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Explain What Is Meant By Natural Law

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Explain what is meant by Natural Law (25) Aristotle believed that we were able to learn the correct way to act by looking at this world. He saw that rules and beliefs varied from place to place. However, when looking at nature, he saw that the laws never changed. From this, Aristotle came to the conclusion that if people followed the example of how nature works, they would understand how to behave and become Good. This is known as Natural Law, and it is Absolute and Deontological, meaning it is rule-based. "If that is what nature's purpose is, then that's what we ought to do". An example of this is in a play written by Sophocles; the scene between Antigone and King Cleon. The King forbids Antigone from burying her dead brother. Antigone, however, goes against this, and buries her brother. When asked, she responded by saying the laws of nature cannot be overruled, and command her to bury her brother. Aristotle's idea of Natural Law can be used with examples of modern society; we understand that different countries abide by different rules, such as how to deal with criminal offenses. ...read more.


When Aquinas saw these, however, he used Aristotle's theories for his research, and came to the conclusion that the Prime Mover could be seen as God. By doing this, Aquinas was able to merge the theory of Natural Law Christianity; mainly, the Roman Catholic Church. He combined Aristotle's works with Christianity by stating that the God of Classical Theism created certain laws, such as the Ten Commandments, which can be found in the Old Testament. Where as some people questioned these, as well as the existence of God, everyone believed the laws of nature were absolute. Aquinas presented the argument that God created nature, and the laws of nature are the same as the laws created by God. This, therefore, illustrates the existence of a God of Classical Theism, as well as showing how both faith and reason could combine to present how humans should behave. Just like Aristotle, Aquinas believed that humans were guided towards perfection (known in the Christian teachings as the God of Classical Theism), and that this is explained as an Apparent Good; something which is morally wrong and doesn't fit the standards desired by God, but is sought indirectly. ...read more.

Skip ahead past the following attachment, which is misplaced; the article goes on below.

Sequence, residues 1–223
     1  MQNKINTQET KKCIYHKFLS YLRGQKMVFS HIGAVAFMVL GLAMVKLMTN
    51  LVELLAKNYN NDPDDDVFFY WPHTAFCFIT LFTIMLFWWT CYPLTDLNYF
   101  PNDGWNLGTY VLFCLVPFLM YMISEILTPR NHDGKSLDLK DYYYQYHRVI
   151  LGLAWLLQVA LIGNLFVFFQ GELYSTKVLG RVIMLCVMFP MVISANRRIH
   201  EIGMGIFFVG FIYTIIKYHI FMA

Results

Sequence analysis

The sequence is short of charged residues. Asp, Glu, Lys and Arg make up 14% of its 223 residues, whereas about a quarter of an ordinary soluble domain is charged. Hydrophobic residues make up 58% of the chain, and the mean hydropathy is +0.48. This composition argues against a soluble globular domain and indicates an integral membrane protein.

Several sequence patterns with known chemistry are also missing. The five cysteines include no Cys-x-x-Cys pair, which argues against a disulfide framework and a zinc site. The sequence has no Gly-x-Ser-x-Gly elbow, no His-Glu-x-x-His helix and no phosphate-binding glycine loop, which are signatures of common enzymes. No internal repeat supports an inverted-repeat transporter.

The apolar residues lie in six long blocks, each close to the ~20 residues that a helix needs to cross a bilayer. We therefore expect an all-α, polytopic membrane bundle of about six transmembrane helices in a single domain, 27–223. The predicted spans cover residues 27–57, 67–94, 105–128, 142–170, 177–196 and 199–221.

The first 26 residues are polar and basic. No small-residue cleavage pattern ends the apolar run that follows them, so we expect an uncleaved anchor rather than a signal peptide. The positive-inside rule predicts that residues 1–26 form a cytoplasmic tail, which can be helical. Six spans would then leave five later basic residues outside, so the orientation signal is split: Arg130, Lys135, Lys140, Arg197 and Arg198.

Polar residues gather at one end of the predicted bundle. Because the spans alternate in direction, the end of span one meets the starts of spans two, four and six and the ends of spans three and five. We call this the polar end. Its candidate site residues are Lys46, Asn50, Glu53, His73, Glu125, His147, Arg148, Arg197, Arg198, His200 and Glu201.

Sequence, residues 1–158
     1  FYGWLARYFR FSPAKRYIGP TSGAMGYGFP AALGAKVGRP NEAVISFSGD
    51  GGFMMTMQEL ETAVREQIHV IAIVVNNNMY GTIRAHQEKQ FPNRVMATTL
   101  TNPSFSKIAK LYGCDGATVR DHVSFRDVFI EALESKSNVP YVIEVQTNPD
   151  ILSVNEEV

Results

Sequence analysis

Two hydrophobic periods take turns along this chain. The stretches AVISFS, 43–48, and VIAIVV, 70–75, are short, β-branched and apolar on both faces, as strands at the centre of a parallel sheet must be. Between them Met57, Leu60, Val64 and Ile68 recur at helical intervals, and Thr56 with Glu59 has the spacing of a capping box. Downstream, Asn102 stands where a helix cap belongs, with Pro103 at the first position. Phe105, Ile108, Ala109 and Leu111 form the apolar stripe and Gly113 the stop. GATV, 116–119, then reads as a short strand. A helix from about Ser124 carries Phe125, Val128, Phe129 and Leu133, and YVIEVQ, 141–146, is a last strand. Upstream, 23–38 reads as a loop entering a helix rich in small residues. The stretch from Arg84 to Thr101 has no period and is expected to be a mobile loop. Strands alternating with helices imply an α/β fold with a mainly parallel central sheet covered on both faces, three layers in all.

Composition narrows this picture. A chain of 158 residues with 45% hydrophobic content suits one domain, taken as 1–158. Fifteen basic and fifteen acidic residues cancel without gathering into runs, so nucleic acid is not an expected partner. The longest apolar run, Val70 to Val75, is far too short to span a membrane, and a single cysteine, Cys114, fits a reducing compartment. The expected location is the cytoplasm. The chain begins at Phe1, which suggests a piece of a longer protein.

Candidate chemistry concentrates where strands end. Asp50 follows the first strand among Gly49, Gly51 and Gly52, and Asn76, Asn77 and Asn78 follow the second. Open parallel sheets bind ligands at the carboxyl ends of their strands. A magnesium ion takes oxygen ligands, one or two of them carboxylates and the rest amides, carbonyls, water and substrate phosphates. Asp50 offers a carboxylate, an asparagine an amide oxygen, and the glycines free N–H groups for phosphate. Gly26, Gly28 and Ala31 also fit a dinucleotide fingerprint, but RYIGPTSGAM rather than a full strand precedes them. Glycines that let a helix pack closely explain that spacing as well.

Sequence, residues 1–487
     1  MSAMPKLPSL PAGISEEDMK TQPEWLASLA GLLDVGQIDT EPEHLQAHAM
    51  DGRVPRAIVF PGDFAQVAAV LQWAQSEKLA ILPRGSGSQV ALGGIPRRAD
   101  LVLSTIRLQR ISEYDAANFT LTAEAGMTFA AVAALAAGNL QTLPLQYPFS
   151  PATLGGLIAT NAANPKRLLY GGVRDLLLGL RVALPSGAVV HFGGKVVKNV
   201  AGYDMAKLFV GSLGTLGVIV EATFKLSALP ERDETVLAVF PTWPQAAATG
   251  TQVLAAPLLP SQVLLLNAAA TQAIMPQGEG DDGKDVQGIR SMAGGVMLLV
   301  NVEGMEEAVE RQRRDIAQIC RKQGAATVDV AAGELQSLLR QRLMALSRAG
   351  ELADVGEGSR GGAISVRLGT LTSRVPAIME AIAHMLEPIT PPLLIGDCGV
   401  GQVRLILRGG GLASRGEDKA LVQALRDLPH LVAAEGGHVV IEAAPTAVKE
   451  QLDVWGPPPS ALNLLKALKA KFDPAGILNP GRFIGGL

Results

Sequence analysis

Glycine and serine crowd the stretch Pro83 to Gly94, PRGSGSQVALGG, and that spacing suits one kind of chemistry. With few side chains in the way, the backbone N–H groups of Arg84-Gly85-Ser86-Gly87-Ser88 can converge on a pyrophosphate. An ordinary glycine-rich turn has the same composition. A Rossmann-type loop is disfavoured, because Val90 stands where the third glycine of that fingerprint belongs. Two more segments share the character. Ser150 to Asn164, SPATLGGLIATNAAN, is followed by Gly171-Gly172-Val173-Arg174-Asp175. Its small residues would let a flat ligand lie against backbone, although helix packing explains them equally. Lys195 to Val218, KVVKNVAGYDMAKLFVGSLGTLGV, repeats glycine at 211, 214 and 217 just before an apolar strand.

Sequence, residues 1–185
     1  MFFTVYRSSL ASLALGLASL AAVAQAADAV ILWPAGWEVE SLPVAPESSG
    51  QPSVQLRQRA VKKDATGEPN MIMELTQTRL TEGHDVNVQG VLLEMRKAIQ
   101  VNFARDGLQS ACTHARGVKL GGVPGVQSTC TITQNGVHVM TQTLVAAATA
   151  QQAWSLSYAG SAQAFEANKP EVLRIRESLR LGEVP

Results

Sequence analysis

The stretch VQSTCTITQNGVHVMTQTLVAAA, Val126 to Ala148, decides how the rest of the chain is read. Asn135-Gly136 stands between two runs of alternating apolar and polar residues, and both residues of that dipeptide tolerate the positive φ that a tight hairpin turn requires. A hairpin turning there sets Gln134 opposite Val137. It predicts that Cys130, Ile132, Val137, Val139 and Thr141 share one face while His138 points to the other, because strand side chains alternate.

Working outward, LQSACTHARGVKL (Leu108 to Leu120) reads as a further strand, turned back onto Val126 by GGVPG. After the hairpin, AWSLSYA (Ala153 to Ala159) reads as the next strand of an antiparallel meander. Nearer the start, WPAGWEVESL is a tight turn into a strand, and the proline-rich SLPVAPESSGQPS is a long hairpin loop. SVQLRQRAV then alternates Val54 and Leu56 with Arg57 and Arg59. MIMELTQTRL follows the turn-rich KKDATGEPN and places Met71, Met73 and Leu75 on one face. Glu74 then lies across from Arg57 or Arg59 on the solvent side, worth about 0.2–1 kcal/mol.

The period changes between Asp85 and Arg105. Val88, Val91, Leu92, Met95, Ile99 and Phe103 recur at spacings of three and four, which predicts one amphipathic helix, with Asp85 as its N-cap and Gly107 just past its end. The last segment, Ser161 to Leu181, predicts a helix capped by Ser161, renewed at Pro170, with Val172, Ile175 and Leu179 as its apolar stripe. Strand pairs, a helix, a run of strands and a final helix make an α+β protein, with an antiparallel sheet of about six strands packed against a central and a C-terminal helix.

Aquinas also taught these in his works, but he also believed there to be three additional virtues; Faith (in God), Hope (for the next life) and Charity; love for others. These are used in the Roman Catholic Church as Catechisms, or teachings. With this, he believed the laws of God could be categorised into four groups, each dependant on the one above; Eternal Law is the order in God's thought process, and therefore creates the structure of the universe, Divine Law, which is delivered to worshippers through God, his teachings and the teachings of the Church, Natural Law, which uses our senses and conscience to determine right and wrong, and Human Law, which helps keep order in the societies of the World. As shown, Natural Law depends on both Divine Law and Eternal Law. Empirical evidence for this is in the teachings of the Old Testament, stating that there is no greater than God, and he created nature and the laws that it abides by. The hierarchy of Laws is also shown in Sophocles' play, in which Human Law is broken, as Natural Law has greater power over it. ...read more.

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